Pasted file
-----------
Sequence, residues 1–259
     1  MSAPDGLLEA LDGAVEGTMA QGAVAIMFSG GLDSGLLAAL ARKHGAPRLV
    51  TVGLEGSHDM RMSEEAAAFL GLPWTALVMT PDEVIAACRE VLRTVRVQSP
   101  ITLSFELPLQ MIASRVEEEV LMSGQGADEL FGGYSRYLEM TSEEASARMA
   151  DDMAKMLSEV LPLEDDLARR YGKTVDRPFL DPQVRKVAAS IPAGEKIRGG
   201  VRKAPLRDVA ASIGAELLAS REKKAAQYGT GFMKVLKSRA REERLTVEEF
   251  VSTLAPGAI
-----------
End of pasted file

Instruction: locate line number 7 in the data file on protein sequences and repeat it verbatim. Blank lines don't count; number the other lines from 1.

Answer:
   251  VSTLAPGAI